Introduction: Depressive symptoms appear more often among patients with COPD and are associated with reduced disease control and increased mortality. Both smoking and COPD increase the risk of depressive symptoms. Whether smoking cessation among COPD patients affects the occurrence of depressive symptoms is unknown. We hypothesised that smoking cessation in patients with COPD leads to reduced use of antidepressants and fewer admissions to psychiatric hospitals with depression, anxiety or bipolar disorder.
Methods: We conducted a nationwide retrospective case-control study, in patients from The Danish Register for COPD with spirometry-verified COPD, age ≥40 years, a history of smoking and absence of cancer. Consistent smokers were matched 1:1 with ex-smokers using a propensity score model. Prescription fillings of antidepressants and risk of admissions to psychiatric hospitals with either depression, anxiety or bipolar disorder both descriptively was assessed by Cox proportional hazard models.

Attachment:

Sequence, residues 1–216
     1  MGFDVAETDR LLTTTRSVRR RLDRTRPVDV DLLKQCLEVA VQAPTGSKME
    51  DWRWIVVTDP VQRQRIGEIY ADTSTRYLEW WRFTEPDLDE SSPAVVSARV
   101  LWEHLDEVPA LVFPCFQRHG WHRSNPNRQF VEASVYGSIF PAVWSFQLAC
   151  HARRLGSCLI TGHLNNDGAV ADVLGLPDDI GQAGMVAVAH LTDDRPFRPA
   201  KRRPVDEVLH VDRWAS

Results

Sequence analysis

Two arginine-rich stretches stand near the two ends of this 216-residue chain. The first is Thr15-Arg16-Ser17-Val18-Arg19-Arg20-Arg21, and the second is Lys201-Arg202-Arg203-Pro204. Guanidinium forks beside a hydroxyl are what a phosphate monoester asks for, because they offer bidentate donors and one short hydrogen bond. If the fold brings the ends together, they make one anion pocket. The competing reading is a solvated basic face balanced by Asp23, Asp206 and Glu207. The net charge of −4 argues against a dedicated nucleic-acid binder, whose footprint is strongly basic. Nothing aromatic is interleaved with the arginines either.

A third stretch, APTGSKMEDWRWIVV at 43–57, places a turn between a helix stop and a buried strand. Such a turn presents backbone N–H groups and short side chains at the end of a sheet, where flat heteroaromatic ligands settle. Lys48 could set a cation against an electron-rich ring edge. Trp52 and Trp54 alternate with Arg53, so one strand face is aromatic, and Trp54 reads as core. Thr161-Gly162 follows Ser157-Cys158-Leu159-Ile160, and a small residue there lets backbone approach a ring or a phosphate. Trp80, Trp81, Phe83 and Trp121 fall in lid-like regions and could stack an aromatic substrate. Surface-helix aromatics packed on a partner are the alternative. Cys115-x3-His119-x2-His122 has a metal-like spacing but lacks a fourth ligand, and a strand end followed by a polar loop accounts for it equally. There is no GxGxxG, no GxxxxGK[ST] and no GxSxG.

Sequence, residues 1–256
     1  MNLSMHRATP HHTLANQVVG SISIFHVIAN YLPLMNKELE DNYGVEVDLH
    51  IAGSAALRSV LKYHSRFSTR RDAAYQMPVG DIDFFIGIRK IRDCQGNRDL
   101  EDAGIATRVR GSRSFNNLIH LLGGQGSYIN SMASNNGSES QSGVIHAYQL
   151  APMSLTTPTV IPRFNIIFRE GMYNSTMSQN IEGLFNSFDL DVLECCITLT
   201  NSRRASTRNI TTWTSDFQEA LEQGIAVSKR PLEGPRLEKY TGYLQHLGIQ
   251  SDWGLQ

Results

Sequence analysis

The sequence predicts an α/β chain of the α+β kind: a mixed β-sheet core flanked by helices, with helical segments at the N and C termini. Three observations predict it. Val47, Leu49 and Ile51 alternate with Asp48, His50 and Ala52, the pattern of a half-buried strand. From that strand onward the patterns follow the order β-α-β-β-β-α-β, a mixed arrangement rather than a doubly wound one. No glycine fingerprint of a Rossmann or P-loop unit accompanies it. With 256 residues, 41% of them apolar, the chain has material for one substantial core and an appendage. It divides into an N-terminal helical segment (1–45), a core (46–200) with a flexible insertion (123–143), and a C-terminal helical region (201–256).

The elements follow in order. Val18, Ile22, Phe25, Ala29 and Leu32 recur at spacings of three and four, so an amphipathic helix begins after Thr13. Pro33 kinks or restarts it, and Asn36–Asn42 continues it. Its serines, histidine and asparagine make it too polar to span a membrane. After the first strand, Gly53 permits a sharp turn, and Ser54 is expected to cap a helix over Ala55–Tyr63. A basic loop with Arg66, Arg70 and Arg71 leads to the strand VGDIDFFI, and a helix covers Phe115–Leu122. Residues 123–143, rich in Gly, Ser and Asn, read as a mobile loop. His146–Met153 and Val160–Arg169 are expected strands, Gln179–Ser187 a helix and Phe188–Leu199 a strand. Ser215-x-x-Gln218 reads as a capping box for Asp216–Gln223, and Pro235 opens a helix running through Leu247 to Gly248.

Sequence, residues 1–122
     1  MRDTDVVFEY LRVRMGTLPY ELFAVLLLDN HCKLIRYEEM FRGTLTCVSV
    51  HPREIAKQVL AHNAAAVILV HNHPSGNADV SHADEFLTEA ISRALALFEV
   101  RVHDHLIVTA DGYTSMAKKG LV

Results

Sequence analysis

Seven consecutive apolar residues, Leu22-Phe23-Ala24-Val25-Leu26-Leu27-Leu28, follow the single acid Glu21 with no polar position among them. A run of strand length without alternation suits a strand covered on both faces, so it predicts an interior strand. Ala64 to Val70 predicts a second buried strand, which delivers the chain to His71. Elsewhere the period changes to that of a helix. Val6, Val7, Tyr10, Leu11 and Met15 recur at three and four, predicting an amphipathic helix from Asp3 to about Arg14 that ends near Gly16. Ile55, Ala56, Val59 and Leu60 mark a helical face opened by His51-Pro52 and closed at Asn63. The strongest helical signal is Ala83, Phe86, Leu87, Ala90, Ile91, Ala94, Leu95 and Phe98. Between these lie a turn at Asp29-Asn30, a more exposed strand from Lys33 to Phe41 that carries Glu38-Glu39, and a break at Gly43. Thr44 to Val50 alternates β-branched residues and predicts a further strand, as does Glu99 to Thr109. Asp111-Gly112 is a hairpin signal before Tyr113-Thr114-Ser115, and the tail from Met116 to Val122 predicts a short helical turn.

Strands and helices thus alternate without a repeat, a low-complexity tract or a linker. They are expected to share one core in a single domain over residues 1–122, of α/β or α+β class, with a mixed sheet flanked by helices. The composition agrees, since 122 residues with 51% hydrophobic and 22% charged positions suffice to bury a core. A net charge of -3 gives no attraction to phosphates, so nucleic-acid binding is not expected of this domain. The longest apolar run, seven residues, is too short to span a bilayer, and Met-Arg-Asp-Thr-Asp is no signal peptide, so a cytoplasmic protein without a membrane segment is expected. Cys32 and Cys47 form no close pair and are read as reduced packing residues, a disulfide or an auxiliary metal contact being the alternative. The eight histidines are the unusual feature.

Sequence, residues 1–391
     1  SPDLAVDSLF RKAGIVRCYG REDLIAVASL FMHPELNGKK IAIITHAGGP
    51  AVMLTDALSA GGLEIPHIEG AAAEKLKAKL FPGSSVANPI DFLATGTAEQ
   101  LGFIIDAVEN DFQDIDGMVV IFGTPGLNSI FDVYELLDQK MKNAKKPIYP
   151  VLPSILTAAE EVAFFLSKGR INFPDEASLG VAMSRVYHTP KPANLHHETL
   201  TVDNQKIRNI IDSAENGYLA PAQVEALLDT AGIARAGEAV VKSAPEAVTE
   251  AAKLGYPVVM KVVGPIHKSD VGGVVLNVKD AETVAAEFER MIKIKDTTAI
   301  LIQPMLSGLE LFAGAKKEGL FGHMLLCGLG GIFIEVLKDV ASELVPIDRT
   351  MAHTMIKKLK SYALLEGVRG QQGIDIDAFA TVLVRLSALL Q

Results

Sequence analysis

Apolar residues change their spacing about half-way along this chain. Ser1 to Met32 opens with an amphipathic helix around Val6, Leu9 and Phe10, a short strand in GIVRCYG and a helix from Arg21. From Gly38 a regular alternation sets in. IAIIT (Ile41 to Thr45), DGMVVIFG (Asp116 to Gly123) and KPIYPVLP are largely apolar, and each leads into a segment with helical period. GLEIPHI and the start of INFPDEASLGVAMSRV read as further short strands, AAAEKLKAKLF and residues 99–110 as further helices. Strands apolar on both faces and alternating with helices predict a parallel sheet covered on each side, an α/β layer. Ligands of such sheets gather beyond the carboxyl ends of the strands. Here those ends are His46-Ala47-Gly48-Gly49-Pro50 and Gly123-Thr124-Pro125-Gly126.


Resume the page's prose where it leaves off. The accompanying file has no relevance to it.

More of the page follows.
Results: We included 21 184 patients. A total of 2011 consistent smokers collected antidepressant prescriptions compared with 1821 ex-smokers. Consistent smoking was associated with increased risk of filling prescription on antidepressants (HR 1.4, 95% CI 1.3-1.5, p<0.0001) and with increased risk of psychiatric hospital admission with either depression, anxiety or bipolar disorder (HR 2.0, 95% CI 1.6-2.5). The associations persisted after adjustment for former use of antidepressants.
Conclusion: Consistent smoking among COPD patients was associated with increased use of antidepressants and admissions to psychiatric hospitals with either depression, anxiety or bipolar disorder, compared to smoking cessation.